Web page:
So what is a typical day like for me? I’ve only been in post for a few weeks, but the role can really vary from day to day. My day starts early in the morning, accompanied by my trusty Lurcher, Parsnip and Springer, Porter, I visit various sites across the Forest to inspect boundaries, supported also by experienced staff at the Forestry Commission. My previous knowledge of the local area is proving to be very useful and my Forester skills have already come in handy!
I do miss the practical work in the outdoors that I enjoyed in my previous roles as a Forester though – meeting other people from all walks of life, and from all over the country is a particular highlight in this job. The New Forest Keepers and other staff have been really welcoming and particularly keen to share their knowledge with me. I’m amazed at how much I’m learning about both the New Forest itself, but also its management. Managing the Crown lands is a huge task and it is made clear to me how vital this new role is to aid in its maintenance and management.
For more information on the Landscape Partnership, visit www.newforestnpa.gov.uk/landscapepartnership.
The start of a spectacular spring
By Esta Mion, Communications Manager
Spring has come to the New Forest earlier than expected this year - surprising the birds, animals and trees that call our forest home - but also offering a much-needed mental and physical boost for human visitors after the dim winter months.
The surprisingly mild weather conditions over the winter have continued into spring, leading Forestry Commission staff to witness some remarkable and unexpected changes to the traditional seasonal cycle.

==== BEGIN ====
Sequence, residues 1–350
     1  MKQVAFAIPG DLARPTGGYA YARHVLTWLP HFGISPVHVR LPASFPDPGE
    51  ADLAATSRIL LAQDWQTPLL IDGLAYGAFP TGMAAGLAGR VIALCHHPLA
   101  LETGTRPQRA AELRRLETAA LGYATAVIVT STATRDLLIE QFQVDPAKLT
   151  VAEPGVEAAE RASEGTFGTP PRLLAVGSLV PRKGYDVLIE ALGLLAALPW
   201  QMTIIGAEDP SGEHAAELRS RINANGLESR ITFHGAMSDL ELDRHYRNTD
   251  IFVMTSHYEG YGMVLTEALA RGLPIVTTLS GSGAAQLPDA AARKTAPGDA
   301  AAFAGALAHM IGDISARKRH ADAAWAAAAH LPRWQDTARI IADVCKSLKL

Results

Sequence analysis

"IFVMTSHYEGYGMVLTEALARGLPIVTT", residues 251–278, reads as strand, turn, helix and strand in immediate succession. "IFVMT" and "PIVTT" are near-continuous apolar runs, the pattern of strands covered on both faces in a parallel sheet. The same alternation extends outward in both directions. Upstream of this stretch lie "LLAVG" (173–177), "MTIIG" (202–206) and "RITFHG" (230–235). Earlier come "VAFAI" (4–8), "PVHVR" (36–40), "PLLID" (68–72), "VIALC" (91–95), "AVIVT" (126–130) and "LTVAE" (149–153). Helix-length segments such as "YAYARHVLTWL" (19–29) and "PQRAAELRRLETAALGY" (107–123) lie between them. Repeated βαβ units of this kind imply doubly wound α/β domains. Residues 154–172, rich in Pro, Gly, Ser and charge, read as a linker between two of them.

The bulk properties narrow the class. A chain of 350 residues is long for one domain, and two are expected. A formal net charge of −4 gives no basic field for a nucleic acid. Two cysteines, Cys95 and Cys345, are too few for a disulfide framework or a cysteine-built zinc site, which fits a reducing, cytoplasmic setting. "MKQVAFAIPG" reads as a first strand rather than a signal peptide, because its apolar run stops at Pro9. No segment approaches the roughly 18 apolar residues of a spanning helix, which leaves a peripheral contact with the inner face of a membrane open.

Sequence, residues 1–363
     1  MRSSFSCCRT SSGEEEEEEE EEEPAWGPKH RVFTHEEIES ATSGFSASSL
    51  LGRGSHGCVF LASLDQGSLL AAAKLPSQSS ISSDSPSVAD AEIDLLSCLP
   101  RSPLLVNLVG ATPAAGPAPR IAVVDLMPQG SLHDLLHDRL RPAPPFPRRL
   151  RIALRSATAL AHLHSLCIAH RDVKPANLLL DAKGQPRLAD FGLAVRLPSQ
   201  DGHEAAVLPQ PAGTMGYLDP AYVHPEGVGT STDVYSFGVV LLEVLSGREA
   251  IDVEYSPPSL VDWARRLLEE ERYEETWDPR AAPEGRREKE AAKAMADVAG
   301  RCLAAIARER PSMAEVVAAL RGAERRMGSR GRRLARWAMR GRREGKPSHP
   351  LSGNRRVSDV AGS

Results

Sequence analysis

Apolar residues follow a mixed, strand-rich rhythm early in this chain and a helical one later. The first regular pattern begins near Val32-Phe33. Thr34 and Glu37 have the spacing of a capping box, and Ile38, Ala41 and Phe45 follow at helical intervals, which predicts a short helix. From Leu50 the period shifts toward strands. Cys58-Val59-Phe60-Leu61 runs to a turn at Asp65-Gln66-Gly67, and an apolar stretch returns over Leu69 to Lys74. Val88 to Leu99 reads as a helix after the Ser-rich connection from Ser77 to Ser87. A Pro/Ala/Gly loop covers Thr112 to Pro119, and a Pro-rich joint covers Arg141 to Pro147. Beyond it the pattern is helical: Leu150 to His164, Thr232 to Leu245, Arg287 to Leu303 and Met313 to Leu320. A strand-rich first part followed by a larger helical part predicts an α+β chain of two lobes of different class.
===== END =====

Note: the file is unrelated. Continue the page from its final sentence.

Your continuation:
Staff here in the New Forest have reported seeing frog spawn as early as 11 February in the forest near Park Hill. We have also witnessed the early emergence of the beautifully-shaped Brimstone butterflies, as they’ve come out of hibernation rather early this year. Their peak flight times are usually in April and May.
More telltale signs have been reported by fellow Forestry Commission staff all over the country. For example, there have been reports of buds bursting a full month earlier on everything from Drimys winteri (canelo), Acer oliverianum (Oliver’s maple) and Acer palmatum (Japanese Maple) to Corylus avellana (hazel) and Acer japnicum (Amur maple) trees.
The early spring has also affected wildlife, with some hedgehogs remaining active during the winter months (when they would normally be hibernating) and Pipistrelle bats still flying during the evenings well into December. Even the humble earthworm has got in on the act, with reports by staff of fresh casts (a sure sign that the worms are still active) staying visible all through the winter.
We’ve put together a list of the wildlife that you can spot during this time of year, including frogs, hedgehogs, butterflies and bats. Why not visit your nearest woods and witness the early forest transformation for yourself.
Eight things to spot in the forest during spring:
1. Frogs and toads